Over the next couple of months, Wunderbar is developing a new fundraising initiative, the Wunderbar Foundation.
Along with its core aim of raising money for our projects, the Foundation will explore some of the ethics and challenges of traditional fundraising.
This is our first collaboration with Rachael Wiseman, our philosopher-in-residence, whose Integrity Project – investigating the value of integrity and the price of doing without it – is supported by a fellowship at Durham University.
Fuelled by many cups of tea and vegan pastries (check these out!) Rachael and Ilana have been exploring the idea of a ‘trickle-up’ economy, in which the virtue and happiness of artists can be ‘purchased’ by those who are cash-rich but integrity-poor.
As Rachael says: “It isn’t that all artists are happy and virtuous and all rich unhappy and corrupt… but if philanthropy has benefits for the philanthropist […the trickling up of ‘good feels,’ and the positive qualities associated with artists such as authenticity and creativity] then perhaps access to such benefits should be limited to the ‘deserving rich’ rather than the ‘undeserving rich’. If so, how?”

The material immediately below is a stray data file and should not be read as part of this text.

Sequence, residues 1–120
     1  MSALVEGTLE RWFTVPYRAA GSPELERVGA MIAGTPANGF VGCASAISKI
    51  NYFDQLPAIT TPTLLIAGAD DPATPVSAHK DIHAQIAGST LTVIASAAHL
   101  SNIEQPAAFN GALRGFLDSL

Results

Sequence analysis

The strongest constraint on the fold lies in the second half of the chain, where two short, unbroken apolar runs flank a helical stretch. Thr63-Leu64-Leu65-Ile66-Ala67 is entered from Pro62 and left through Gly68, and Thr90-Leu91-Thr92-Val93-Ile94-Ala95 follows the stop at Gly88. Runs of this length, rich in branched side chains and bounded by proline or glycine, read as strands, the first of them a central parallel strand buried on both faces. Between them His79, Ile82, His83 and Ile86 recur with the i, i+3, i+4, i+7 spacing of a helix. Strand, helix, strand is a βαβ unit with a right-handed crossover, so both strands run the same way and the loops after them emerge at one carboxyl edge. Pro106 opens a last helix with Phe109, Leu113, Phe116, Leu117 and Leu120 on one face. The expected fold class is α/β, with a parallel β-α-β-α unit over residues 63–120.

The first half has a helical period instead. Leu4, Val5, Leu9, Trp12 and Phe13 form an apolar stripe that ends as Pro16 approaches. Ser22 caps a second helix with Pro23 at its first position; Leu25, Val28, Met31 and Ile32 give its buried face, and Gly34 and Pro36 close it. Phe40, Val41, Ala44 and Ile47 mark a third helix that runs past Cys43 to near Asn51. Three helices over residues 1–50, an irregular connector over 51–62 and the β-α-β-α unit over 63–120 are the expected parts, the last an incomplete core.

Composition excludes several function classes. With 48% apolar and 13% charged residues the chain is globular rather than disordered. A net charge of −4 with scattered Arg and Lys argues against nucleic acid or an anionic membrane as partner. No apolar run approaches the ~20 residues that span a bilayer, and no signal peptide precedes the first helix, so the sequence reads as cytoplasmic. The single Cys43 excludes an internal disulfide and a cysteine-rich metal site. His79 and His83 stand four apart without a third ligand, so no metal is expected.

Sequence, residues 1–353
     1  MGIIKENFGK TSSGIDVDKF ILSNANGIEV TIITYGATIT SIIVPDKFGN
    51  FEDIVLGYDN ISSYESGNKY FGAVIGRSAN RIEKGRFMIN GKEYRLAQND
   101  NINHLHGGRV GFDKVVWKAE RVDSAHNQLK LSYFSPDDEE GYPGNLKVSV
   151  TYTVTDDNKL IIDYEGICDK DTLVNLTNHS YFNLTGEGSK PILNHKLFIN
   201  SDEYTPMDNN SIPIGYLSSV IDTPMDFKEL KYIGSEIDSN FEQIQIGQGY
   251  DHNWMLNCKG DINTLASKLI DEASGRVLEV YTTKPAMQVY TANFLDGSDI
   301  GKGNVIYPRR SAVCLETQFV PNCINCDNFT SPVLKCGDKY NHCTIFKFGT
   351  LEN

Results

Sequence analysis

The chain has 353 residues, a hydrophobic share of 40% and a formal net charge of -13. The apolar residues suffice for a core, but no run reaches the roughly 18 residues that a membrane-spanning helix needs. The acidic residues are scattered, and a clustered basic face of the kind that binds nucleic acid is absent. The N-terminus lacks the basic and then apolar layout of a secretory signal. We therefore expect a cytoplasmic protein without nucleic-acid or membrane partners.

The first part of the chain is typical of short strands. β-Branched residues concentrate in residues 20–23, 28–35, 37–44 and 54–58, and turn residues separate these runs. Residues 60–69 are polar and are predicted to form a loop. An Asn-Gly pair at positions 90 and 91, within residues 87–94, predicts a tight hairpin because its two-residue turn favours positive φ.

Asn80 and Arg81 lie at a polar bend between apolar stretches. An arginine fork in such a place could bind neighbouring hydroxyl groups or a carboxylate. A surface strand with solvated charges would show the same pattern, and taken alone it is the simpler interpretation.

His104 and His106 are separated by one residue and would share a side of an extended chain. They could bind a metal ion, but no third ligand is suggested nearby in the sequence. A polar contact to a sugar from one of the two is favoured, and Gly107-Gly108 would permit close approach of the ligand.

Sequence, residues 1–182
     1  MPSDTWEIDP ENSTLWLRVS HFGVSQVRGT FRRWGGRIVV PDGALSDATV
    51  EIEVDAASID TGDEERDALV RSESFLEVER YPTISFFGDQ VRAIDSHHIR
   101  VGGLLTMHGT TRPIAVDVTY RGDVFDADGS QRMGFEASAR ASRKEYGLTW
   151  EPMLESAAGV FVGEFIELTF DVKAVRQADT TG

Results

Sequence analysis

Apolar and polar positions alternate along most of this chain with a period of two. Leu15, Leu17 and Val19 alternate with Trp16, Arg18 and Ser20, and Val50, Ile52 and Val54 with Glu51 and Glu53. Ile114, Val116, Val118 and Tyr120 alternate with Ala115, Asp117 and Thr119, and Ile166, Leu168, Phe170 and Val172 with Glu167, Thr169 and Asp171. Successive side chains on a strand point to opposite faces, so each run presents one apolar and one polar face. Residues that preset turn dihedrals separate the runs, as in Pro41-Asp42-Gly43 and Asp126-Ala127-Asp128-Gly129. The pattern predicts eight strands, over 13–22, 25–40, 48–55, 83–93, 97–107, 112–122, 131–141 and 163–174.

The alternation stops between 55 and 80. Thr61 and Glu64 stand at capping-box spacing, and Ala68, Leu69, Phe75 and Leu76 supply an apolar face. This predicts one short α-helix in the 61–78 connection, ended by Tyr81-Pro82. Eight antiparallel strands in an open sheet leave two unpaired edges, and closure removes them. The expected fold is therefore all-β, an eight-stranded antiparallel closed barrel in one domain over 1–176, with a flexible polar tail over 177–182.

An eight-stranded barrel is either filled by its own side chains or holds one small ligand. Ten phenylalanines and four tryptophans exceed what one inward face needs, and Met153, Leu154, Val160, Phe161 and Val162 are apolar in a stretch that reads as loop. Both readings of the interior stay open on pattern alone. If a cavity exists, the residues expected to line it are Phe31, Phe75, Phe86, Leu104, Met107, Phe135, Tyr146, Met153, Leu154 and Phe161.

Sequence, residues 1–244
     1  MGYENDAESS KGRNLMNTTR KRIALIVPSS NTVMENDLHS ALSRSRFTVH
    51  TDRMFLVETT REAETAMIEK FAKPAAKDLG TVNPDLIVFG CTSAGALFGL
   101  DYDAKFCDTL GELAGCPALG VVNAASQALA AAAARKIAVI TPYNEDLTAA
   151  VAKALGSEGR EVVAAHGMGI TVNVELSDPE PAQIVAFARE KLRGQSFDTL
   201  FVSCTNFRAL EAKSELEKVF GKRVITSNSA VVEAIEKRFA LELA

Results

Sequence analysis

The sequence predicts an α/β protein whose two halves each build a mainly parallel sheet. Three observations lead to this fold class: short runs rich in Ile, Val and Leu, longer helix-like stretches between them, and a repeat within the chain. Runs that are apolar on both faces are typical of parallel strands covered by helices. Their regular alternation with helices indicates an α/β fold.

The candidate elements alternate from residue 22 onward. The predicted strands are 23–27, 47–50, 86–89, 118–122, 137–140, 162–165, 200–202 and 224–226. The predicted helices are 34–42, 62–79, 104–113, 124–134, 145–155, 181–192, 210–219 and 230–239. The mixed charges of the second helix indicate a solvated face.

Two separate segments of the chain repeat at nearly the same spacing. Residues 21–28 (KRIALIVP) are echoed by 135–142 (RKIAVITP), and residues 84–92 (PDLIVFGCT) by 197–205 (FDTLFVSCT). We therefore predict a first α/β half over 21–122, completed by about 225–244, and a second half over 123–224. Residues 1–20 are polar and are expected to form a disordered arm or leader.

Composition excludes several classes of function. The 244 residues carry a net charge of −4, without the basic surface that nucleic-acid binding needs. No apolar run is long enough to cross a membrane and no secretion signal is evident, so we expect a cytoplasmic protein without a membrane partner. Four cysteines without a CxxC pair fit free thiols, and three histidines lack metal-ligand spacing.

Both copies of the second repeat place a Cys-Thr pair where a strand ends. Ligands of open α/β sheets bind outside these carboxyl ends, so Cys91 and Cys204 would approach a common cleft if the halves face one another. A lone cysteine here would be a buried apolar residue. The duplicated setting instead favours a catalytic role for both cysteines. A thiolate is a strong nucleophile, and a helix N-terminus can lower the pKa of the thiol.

And, as the Wunderbar Foundation will discuss, how does that affect us, the artists, who stand with our buckets to accept some of those cash trickles? How do we decide who’s deserving and undeserving?
We’re making a series of short podcasts that we’ll be broadcasting next week, to coincide with the launch of the Hannah Directory; that’s where you come in. As part of the podcasts we’d like to insert some chatty ‘mini-lectures’ around 60 seconds in length – which introduce the historical and philosophical issues that lie behind some of our discussion points.
Below are the questions that have come up so far. If you have any thoughts to share on this juicy lot – send them over to us here.
And look out for the podcasts from next week.
- What is the relation between a good life and feeling good?
- What is the relation between doing the right thing and feeling good?
- When is a market exchange fair/unfair?
- How does giving/receiving money affect relations between individuals?
- What is work?
- What is the value of art?
- Should the arts be privately or publicly funded?
- How does dirty money get clean?
- What is the role of the artist in a capitalist economy?
- Can you be rich and virtuous?
- Is altruism possible?
- Are there historical or literary cases that can help to illuminate or explore the relation between artist and benefactor or between recipients of charity and charitable donors?
- Does the Christian tradition of paying for indulgences provide an illuminating comparison with some contemporary philanthropic giving?
- What do ethical theorists – consequentialists, virtue ethicists, deontologists – have to say about charity?
- Is Socialism opposed to charity?